One of the most awkward parts of my job is when it becomes necessary to hire a new employee for one of my programs. Combing through resumes, contacting applicants to see if they meant to apply for the job or are interested in it (I get a lot of people who don’t read the job description), and managing to get them to show up for an interview is challenging and often annoying. That is not the worst part. The worst part is the interview process – so uncomfortable for me (no doubt also uncomfortable for the poor soul that I’m interviewing).
Let’s all agree that interviews are awkward for all involved. Both sides are sizing up the other to try to figure out if they will be able to work together. I’m looking for red flags to indicate this person won’t be a good fit at the agency while they’re scrutinizing me to figure out if I’m going to be somebody they wouldn’t be miserable working for. It’s an odd dynamic. While I’m evaluating them I’m simultaneously trying to sell them on our agency and why they want to work for us. That’s a problem because I’m not a good salesperson. I tried to sell those Cutco knives one summer in my teens and it was a disaster! My parents and sisters were the only ones who bought anything, mostly out of pity.
So here’s what typically happens when I interview someone. First, setting up the interview can be really challenging for me. Picking up the phone to call someone who sent me a resume creates a lot of anxiety for me. It’s one of those things that I try to do right before lunch or at the end of the day so that I can leave work soon after – that way if I feel embarrassed about my phone performance I don’t have to sit in the office and analyze the conversation for several hours. If I’m lucky then the person will be tech savvy and I can set something up over email – I love those! However, some of our positions tend to attract applicants who don’t have a lot of experience with computers so I can’t always rely on email for communication.
The day of the interview I’m often anxious when I wake up. I try to look a little nicer than usual (actually wear makeup, not wear jeans, etc.) to give myself a confidence boost. Sometimes I wear red because I once heard it was a “power color.” Whatever that means? I figure it can’t hurt the situation.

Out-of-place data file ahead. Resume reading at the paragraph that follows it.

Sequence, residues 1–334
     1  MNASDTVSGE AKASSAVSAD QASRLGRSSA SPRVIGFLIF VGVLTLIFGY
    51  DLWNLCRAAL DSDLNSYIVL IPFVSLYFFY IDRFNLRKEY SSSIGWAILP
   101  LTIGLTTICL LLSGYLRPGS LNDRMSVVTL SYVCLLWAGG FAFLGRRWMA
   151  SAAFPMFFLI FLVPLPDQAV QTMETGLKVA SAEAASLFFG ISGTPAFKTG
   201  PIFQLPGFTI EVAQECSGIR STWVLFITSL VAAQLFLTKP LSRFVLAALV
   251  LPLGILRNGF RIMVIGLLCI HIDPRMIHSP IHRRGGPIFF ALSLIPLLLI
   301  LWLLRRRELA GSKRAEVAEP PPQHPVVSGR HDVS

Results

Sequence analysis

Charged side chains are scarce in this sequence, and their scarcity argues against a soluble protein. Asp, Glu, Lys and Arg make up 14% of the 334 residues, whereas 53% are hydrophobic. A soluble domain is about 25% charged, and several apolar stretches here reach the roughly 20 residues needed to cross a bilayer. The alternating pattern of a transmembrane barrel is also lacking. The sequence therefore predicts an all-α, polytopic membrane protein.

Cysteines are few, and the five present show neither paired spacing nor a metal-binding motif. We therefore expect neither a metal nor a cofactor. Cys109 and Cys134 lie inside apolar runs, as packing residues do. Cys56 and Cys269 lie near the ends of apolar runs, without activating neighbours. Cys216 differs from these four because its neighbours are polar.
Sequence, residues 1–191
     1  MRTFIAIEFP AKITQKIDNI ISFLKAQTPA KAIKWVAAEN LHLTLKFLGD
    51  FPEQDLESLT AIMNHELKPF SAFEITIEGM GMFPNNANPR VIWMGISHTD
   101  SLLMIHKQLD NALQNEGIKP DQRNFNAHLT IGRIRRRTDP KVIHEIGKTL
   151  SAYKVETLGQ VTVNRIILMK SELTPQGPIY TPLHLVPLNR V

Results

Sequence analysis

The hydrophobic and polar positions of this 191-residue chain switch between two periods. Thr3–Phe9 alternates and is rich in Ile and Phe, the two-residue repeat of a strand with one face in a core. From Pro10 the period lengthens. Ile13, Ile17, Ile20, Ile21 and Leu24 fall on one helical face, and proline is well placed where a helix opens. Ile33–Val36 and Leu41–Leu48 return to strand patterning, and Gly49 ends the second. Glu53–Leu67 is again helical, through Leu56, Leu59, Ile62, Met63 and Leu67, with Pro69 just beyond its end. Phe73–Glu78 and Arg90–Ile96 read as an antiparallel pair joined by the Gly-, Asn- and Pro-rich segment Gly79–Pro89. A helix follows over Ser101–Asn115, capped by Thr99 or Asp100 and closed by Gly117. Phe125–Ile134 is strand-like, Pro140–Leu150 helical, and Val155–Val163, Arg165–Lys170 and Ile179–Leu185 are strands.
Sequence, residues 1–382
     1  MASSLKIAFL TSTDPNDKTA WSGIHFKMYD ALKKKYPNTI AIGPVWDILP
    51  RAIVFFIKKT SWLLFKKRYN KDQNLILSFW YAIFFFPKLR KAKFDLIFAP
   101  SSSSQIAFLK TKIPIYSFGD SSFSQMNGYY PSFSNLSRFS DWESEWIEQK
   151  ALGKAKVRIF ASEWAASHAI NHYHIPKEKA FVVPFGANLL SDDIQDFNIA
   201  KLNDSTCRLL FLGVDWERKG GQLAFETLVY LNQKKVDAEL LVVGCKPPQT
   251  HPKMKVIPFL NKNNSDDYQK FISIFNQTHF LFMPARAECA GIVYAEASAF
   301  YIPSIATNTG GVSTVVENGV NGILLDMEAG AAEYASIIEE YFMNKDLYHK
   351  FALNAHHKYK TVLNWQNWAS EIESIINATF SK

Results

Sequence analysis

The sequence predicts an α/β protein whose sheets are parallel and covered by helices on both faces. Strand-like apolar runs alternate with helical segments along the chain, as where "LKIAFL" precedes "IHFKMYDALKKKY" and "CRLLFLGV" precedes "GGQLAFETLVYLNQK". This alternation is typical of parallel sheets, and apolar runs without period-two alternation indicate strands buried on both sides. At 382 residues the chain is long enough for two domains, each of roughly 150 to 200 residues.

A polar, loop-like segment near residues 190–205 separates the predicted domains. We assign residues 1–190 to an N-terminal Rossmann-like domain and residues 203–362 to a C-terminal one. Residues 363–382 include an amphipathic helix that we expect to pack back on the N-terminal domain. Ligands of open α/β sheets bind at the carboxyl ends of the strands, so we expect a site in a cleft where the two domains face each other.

I’m so anxious while interviewing a potential employee. My throat gets dry and I drink so much water that the poor person I’m interviewing likely thinks I have a medical condition. My words get stuck in my throat and sometimes my voice cracks or does weird level/pitch changes against my will. I tend to get hot and sweat a little. The more anxious I get the more my sentences start to go in circles or just trail off because I don’t know what to say next. I repeat myself A LOT. I know, what a lovely visual – red faced, sweating, unable to get words out of my mouth (don’t forget my essential tremor so my hands are shaking), and gulping down multiple bottles of water. Wouldn’t you want to work for me?!
I will say that my interviewing skills are better than they used to be (yes, if you can imagine, my interviews were once MORE awkward). Lots of practice has resulted in a slight lessening of the anxiety and more comfort with some of the questions I have to ask (i.e. Can you pass a background check? What about 3? Can you pass a drug screen? How is your driving record?) I’m hopeful that in the future, with much more practice, my anxiety level during interviews will continue to decrease. My goal is to, one day, interview a potential employee without sweating or stammering. It’s a lofty goal, but I think I can do it.